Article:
This week’s cluster of time involved a lot; the move from graduation to employment, and the news from New York of my deferral. I was speechless for a record amount of time. Although successful in my working life, a period of intense political and personal change led to questioning my beliefs. (My sister also questioned hers, in stating that she had been ‘mind-blown that the alphabet didn’t actually need to be in order.’)

1st August 2014

“Be with someone who gives you the same feeling as when you see your food coming in a restaurant.”Anon

 I pretended I was on holiday several times during July. Cocktails in the daytime followed by intense periods of sunbathing and trips to visit my friends encouraged this delusion. Discovering the stress of losing my university e-mail account, Graduation preparation and new-job-shopping led me back to the bar, and roughly one week after moving home, I found myself back in Bristol. The back-drop of international events was enough to tempt anybody into switching off, at a time when it was more important than ever to do the opposite. Pro-Palestinian protests were banned in Paris, after this turned into violence outside a synagogue. Further violence was seen as Boko-Haram made the news, after a shocking attack which demonstrated part of a larger problem. Confident that I had made the right decision to abandon my trip to Israel, I wondered how many others were questioning their beliefs. With an air of animosity surrounding a divided international community; had love been replaced with hate?

Even at times of political quiet, questions of the modern-day abandoning of traditional love have been considered. Is love a human constant? My friend recently described love as “not just one person’s complicatedness, but two.” Simple, yet effective, nearly all problems within love stem from poor communication; trust, respect and admiration are all affected by this. From attempting to meet somebody, to walking down the aisle, technological advances have changed communication. Although technology appears to bring us closer together, can it ever hold the sincerity of communicating in-person? Could the much-debated exacerbation of political affairs via social media demonstrate part of a wider problem: are we exacerbating our relationships? If technology allows communication “out-of-person”, what are the implications of this on “love”?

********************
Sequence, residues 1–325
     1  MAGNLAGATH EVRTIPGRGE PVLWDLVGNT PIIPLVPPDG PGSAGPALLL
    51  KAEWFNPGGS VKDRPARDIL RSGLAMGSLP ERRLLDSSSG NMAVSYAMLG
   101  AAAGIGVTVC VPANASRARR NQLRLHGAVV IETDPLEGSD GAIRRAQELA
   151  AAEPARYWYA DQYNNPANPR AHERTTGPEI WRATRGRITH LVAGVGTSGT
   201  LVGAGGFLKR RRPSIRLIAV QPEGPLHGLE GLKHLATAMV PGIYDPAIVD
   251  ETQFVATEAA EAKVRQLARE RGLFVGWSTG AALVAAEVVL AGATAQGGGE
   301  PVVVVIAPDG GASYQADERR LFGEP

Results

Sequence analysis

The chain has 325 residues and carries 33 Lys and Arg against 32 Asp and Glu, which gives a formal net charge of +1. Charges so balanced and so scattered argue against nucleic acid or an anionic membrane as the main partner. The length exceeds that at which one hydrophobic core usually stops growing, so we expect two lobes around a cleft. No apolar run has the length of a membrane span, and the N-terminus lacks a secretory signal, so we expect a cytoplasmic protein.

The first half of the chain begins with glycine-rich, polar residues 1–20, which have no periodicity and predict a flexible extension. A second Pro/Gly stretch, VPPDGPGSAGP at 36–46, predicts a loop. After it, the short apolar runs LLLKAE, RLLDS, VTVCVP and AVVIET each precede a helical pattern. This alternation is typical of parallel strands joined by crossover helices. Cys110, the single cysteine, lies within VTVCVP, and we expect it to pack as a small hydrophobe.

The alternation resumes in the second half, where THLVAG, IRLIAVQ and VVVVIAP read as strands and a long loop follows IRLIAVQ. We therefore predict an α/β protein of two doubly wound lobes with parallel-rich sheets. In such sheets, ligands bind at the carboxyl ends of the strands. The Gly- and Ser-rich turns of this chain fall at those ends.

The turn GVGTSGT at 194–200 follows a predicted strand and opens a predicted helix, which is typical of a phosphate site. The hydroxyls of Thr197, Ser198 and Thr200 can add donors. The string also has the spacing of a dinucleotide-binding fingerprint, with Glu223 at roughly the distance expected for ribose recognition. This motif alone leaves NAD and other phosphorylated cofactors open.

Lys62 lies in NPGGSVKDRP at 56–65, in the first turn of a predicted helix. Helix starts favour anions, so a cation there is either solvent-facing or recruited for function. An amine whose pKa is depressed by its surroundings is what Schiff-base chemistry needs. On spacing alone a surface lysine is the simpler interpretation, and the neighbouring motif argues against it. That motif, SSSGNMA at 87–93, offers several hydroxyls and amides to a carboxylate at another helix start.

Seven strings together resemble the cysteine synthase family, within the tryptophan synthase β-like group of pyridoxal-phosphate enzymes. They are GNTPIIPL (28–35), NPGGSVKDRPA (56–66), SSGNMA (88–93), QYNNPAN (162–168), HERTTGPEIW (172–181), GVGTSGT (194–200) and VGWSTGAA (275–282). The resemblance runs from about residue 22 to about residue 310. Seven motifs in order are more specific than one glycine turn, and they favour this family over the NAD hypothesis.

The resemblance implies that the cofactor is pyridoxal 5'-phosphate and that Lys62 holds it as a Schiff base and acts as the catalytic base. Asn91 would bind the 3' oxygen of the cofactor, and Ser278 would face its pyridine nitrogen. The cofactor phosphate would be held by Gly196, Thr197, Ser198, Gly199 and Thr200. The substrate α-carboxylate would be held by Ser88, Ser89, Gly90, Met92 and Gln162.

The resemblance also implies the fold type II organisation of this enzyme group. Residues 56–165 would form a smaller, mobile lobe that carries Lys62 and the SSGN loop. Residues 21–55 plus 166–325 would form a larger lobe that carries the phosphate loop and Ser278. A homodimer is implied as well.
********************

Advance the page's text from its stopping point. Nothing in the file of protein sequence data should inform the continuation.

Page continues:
Of course, to answer this would mean defining “love”, which is subject to individual perception itself. Deciding to find answers to some of these questions (and face the fact that Adam Levine recently got married), I explored Tinder (an enlightening story for next week). Alongside this, I re-watched “When Harry Met Sally” during its 25th anniversary; were romantic relationships different 25 years ago? Pondering these questions further whilst in Bristol, I managed to Graduate, and whilst visiting my friends in various parts of the city and surrounding country-side, I realized that true friends are a constant. The countryside was a new experience, and after attempting a run in a field of cows, I justified three post-graduation nights out despite waking up as I’d gone out, and still under the influence. Including the heels. Returning home led me back to Game of Thrones, and I re-discovered my love for Daenarys after the realization that my favourite TV couples are always torn apart. Clearly, I was ready to start my new job.